Here's the code to create a table in Snowflake:
CREATE OR REPLACE TABLE DEMO_DB.SALES.ORDERS_TRANSFORMED (
ORDER_DATE DATE NOT NULL
Next, create a transformation job to replicate your CDC data to the target table.
Here's the code:
CREATE SYNC JOB transform_and_insert_into_snowflake
START_FROM = BEGINNING
RUN_INTERVAL = 1 MINUTE
AS INSERT INTO SNOWFLAKE my_snowflake_connection.SALES.ORDERS_TRANSFORMED
custid AS CUSTOMER_ID,
orderid AS ORDER_ID,
first_name || ' ' || last_name AS CUSTOMER_NAME,
nettotal AS NET_TOTAL,
order_date AS ORDER_DATE
Let's understand what this job does.
This code creates a job named transform_and_insert_into_snowflake and includes a couple of job options:
START_FROMinstructs the job to replicate all historical data by specifying the BEGINNING parameter, while
RUN_INTERVALtells Upsolver that this job should execute every 1 MINUTE.
The job inserts the data into the ORDERS_TRANSFORMED table in the SALES schema. We don't need to specify the database (DEMO_DB) here because this is included in the connection string.
MAP_COLUMNS_BY_NAMEoption maps each column in the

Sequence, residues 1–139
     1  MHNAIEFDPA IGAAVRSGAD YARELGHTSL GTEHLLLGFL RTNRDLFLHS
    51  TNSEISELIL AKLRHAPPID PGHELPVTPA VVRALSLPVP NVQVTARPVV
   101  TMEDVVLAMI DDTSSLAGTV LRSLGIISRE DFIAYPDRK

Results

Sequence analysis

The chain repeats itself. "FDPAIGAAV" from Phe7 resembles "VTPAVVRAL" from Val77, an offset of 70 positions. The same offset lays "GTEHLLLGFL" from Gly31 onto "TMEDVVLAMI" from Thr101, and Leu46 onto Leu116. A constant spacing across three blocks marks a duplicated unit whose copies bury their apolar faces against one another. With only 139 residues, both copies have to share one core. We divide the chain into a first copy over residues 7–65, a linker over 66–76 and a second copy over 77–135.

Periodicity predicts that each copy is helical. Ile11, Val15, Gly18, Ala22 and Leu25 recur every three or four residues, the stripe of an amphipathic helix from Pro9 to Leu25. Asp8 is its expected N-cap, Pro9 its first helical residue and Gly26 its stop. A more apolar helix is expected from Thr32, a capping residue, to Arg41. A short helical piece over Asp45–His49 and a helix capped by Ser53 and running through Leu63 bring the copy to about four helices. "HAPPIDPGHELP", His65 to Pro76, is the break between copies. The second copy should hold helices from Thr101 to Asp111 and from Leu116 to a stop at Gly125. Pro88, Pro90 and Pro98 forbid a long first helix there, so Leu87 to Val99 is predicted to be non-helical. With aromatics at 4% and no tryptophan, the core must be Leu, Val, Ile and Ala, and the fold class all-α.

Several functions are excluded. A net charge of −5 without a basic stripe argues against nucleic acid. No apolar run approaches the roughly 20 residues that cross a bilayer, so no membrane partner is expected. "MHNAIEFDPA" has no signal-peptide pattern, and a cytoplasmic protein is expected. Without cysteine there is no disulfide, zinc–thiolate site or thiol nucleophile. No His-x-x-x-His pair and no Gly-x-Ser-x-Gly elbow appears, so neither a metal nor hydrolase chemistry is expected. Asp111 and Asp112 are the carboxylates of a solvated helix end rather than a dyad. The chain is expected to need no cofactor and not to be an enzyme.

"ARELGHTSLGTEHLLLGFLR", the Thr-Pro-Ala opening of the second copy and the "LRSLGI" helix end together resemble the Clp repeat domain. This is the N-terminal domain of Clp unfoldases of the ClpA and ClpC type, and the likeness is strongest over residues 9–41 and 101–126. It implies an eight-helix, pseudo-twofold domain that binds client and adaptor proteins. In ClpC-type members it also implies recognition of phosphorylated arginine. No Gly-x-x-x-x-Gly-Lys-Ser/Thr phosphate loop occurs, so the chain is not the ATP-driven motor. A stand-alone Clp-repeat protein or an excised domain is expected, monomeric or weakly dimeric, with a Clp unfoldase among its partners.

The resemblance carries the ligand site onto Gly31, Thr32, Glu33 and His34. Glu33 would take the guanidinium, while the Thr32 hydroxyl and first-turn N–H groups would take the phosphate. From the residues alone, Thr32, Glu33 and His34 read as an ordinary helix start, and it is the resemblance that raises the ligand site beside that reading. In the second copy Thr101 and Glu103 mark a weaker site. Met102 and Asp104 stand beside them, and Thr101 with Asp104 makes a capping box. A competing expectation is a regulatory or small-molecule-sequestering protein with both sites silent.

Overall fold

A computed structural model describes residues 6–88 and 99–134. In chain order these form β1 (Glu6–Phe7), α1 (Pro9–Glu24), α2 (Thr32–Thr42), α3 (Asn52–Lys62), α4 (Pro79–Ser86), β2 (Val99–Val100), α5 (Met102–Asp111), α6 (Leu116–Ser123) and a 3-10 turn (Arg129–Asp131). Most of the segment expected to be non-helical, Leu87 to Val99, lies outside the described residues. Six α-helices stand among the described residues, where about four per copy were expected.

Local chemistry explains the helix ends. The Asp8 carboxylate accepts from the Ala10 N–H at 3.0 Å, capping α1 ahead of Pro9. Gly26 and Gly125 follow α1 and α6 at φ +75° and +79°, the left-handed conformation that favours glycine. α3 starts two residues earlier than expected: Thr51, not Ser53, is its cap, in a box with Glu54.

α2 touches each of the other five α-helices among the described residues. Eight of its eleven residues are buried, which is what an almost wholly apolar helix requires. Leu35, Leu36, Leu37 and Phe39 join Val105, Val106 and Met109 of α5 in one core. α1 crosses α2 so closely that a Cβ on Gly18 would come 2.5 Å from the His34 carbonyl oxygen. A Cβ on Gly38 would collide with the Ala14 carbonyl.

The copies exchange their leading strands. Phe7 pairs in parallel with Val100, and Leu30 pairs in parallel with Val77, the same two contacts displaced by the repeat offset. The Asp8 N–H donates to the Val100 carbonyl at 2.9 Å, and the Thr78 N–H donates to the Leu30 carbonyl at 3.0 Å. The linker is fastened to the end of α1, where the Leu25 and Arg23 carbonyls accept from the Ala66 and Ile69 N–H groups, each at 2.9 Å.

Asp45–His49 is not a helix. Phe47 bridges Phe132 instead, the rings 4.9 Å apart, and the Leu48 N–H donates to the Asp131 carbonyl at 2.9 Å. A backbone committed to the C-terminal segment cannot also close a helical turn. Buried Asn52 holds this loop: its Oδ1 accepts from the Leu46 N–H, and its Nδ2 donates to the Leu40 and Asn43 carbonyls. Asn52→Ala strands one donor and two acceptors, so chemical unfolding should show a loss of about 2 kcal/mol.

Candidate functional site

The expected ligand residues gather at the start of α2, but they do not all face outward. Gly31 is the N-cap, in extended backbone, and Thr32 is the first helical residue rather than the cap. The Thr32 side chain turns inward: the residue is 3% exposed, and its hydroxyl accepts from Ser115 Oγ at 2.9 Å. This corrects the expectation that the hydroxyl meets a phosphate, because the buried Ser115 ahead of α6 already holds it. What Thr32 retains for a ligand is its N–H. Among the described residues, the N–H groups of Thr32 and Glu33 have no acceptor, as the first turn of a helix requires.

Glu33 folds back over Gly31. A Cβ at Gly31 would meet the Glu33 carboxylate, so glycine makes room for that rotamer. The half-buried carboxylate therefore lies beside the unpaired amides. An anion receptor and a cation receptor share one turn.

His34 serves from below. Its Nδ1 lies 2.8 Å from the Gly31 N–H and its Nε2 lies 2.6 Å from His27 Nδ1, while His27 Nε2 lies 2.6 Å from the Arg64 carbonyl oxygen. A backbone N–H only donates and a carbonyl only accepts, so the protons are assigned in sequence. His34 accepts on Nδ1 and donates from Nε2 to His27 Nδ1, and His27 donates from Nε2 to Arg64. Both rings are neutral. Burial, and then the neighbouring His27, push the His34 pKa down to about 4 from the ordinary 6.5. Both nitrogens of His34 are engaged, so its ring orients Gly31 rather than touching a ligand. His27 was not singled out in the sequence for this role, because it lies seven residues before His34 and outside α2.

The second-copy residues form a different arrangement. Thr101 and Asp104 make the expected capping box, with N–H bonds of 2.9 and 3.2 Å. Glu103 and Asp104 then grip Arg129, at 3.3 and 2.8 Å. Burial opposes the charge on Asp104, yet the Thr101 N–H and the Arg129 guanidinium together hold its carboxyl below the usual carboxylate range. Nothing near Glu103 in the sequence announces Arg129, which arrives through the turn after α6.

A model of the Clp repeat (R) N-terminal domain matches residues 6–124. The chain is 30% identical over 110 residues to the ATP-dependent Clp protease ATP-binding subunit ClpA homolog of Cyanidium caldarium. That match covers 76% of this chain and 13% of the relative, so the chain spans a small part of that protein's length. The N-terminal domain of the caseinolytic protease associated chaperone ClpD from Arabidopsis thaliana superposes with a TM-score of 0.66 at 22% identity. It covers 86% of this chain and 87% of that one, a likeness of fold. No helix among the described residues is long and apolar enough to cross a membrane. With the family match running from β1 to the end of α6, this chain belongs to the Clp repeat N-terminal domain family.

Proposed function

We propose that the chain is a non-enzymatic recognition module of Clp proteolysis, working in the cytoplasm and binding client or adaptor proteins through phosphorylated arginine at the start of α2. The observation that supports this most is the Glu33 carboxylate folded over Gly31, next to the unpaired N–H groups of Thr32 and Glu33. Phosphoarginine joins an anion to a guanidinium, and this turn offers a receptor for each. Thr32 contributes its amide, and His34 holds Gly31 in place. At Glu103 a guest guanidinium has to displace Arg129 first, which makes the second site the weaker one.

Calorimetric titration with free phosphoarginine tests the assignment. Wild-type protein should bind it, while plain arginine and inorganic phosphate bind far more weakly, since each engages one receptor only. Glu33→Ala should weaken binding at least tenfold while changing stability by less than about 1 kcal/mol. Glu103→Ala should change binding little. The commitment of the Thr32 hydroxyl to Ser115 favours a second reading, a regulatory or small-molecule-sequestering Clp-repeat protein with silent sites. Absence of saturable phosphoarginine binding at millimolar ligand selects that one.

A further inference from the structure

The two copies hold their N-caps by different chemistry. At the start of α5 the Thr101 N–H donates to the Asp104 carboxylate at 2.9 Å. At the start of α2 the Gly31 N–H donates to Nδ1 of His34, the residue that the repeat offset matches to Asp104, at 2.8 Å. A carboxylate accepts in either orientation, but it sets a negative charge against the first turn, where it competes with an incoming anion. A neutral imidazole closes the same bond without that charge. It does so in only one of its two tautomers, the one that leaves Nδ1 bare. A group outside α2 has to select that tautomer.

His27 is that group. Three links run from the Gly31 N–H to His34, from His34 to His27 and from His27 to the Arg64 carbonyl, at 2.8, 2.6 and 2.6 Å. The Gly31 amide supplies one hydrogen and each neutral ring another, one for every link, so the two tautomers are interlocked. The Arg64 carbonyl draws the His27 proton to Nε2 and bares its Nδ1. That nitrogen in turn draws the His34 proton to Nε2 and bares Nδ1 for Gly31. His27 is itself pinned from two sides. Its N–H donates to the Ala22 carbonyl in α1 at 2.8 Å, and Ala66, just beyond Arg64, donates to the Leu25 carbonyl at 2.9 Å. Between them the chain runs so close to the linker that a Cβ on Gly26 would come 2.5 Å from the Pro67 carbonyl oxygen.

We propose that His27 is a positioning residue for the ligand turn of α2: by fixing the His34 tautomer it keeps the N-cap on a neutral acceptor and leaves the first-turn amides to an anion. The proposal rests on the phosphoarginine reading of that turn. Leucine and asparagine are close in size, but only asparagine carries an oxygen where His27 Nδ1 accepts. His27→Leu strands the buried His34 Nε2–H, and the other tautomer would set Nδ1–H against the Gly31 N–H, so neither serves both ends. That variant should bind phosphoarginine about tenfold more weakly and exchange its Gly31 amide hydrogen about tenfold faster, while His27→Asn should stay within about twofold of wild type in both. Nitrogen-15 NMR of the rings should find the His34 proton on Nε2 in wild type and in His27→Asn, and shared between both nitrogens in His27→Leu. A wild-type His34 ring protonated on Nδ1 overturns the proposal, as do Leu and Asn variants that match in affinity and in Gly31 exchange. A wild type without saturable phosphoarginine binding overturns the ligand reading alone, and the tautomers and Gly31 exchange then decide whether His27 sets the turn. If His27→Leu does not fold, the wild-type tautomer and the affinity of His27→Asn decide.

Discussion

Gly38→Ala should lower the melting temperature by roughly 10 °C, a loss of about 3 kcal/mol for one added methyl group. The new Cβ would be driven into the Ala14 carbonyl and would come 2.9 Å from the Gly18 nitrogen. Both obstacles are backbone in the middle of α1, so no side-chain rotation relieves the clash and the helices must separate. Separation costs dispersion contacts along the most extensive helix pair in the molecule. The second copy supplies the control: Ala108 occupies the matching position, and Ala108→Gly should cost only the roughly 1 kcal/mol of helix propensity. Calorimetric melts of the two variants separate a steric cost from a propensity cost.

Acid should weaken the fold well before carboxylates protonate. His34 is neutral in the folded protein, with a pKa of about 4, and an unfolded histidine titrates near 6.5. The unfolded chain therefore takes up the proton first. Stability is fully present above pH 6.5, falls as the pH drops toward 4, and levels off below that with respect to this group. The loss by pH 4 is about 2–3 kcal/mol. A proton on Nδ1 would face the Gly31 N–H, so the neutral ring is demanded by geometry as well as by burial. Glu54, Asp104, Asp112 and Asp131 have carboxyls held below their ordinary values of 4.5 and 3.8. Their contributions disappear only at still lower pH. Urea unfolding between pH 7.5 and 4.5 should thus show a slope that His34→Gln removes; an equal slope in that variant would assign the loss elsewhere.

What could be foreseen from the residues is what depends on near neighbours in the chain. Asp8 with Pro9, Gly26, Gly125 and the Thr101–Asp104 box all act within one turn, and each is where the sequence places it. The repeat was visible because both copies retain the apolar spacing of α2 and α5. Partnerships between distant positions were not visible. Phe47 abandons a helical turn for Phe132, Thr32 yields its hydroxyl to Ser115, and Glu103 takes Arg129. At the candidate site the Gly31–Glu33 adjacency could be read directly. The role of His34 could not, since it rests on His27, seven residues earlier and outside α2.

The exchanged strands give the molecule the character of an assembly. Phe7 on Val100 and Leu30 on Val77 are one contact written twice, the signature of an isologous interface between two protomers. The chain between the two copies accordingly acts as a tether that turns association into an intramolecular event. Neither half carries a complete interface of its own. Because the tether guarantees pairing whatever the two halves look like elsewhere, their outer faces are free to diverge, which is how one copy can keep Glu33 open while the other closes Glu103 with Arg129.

SELECTstatement to the column with the same name in the target table. This is helpful as the job, therefore, does not map the columns based on ordinality: if you compare the order of the columns in the script that creates the table with the order of the columns in the
SELECTstatement of the job, you'll notice that CUSTOMER_ID and ORDER_ID are in different positions.
SELECTstatement specifies which columns will be loaded into the target, and the alias names enable column mapping by name. A string function has been used to concatenate the customer's first and last names into the CUSTOMER_NAME column.
WHEREclause, all rows that have an
$event_timethat is between the start and end time interval of the job will be included in the load. The
$event_timesystem column is populated with a timestamp when the data lands in the staging table.
In this guide you learned how to connect to SQL Server and ingest your change data capture tables into a staging table in the data lake. You learned how to check the status of your tables during the snapshotting process, and how to view the ingested data. Then you discovered how to write a transformation job to replicate the data from your staging table to your target.
To ingest your CDC data from SQL Server:
- 1.Create a connection to your CDC-enabled SQL Server database
- 2.Create a staging table and ingest your change data capture to the data lake
- 3.Connect to your target data lake or warehouse destination
- 4.Write a transformation job to replicate the data to your target
- 5.Monitor your jobs using the job status metrics